Text Copyright the American Kennel Club, Inc., 2005. No portion of this article may be reproduced without permission of the copyright holder. Reprinted with permission from AKC Family Dog, September/October 2005.
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Please, Mom, please. I’ll take care of him, honest. Pleeeeease?” The kid really wants that puppy.
It’s one of the universal rites of parenthood, the moment when you must give the a dog is a big responsibility” speech.
You may have recently played this scene with your child. You sternly warned that along with the fun of a dog come the responsibilities: grooming,
feeding, walking, you know the rest. But did you consider the wider obligations you assumed when you finally said yes to your pleading child?
The unwritten code of canine conduct demands a dog who in public is neither a menace nor a nuisance, a well-behaved pet who does credit to his
family, his breeder, and the wider world of all dog lovers. When this civic duty is neglected, everyone concerned-especially the dog-loses.
Get with the program
AKC Canine Good Citizen (CGC) helps people become responsible dog owners. It’s a noncompetitive certification program that rewards dog-and-handler
teams who pass a 10step test of canine good manners.
To become a Canine Good Citizen, a dog must be trained to walk on a loose leash, navigate through a crowd, come when called, sit for petting, welcome
examination and grooming from a third party, accept friendly strangers, sit and down, behave around other dogs, handle distractions, and cope
with separation from his owner.
Owners can work with their local dog club or a private trainer to prepare for the test. Once your canine partner has mastered the 10 commands,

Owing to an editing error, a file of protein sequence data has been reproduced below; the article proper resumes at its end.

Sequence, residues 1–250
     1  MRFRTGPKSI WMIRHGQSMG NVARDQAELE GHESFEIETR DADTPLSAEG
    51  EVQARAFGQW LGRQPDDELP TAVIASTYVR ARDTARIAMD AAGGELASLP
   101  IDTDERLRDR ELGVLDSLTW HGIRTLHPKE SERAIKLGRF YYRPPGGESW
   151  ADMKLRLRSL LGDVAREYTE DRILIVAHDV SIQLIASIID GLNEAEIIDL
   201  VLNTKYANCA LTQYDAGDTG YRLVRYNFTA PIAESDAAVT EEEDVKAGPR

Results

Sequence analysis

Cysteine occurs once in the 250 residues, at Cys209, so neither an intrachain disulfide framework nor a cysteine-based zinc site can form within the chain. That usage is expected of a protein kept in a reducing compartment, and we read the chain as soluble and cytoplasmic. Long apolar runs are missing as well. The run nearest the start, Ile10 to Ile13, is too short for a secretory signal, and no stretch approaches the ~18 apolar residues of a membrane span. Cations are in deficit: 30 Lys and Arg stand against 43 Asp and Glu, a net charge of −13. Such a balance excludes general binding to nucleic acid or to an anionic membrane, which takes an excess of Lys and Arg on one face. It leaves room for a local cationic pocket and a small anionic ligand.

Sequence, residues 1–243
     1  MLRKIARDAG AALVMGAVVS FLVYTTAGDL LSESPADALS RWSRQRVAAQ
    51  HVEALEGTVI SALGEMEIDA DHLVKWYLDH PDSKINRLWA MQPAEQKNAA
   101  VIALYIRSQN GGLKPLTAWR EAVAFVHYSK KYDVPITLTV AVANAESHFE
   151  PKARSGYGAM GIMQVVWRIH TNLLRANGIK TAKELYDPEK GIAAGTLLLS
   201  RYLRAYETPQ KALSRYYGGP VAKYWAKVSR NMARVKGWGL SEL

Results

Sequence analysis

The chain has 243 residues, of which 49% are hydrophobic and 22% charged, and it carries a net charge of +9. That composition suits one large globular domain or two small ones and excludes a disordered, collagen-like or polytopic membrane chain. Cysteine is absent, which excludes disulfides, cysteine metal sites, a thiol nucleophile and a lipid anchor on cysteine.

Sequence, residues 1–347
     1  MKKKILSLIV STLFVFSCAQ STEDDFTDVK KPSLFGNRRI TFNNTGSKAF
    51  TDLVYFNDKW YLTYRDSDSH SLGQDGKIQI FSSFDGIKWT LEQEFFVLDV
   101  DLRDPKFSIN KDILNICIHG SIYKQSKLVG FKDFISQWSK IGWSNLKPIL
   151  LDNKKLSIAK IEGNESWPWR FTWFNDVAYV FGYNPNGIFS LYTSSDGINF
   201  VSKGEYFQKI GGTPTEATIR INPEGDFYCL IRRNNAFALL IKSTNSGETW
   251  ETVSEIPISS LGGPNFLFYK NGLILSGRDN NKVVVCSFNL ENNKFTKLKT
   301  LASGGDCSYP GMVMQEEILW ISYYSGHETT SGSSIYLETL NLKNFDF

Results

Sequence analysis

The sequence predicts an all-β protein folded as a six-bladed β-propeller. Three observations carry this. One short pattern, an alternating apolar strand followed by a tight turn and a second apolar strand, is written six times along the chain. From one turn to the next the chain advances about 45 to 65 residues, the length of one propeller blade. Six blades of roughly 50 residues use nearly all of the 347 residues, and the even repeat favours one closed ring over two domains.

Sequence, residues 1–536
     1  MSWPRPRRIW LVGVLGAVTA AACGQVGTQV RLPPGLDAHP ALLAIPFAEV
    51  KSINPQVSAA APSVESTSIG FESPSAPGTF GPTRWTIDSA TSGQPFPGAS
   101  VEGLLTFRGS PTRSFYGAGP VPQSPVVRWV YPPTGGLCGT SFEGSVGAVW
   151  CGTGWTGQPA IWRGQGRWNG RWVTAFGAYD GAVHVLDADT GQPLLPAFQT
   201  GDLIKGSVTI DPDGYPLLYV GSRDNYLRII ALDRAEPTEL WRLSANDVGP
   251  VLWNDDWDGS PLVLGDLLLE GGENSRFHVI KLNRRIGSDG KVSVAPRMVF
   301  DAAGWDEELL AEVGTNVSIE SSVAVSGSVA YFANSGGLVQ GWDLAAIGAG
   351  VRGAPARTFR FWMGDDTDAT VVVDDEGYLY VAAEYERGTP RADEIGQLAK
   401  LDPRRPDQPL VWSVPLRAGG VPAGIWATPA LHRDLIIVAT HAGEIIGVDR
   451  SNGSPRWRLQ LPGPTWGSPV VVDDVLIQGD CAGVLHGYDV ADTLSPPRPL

he can be tested by a CGC evaluator at a dog event in your area.
Police and animal-control agencies use CGC for dealing with dog problems. There are therapy-dog organizations that utilize it as a part of their
screening procedure, and 4-H groups employ it as a beginning dog training program. State legislatures recognize CGC as a means of advocating
responsible dog ownership, and 1 7 states have passed Canine Good Citizen resolutions. Foreign countries have developed programs based on CGC.
The programs wide and expanding popularity isn’t hard to explain. People love their dogs and want to strengthen the bond by bringing them along
on family outings and vacations, and to recreational areas and the workplace. CGC training makes it possible.
Many novice dog sport participants choose CGC as the first step in their training regimen. The program lays the foundation for participation in
competitive events such as obedience, agility, tracking, rally, hunt tests, and field trials.
And it isn’t only beginners who rely on CGC, as Elizabeth Crisp Blake, of Davis, California, will happily admit. Blake has for decades been a leading
breeder-exhibitor of Border Terriers. Recently, she was sitting ringside at a dog show with Bonnie, one of her champion Borders. ‘She was sitting
in my lap, and I think she thought this other dog was invading her space.”
Bonnie didn’t attack, but she took an aggressive posture and made an unfriendly sound-snurfiui, as terrier people say. “This is not acceptable
behavior. I was so embarrassed, everyone saying how pretty she was, how beautiful, but there was that behavior.”
hadn’t been out in public, except for regular walks in the park, since she finished her championship months earlier. “It wasn’t fair to her.
I wasn’t giving her the continuing socialization she needs. So I’m starting her in a CGC class.”
“We have a third of an acre, and you’re tempted to think that provides plenty of exercise. But dogs need another kind of exercise, mental exercise,
which conies only from getting out in different public settings.
“Whether a pet or show dog, once she has a desired behavior you have to keep putting her in situations that reinforce it.”
Blake, a teacher by profession, knows that this kind of continuing education must be built on a strong foundation and, as she tells her puppy
customers, “CGC is great place to start.”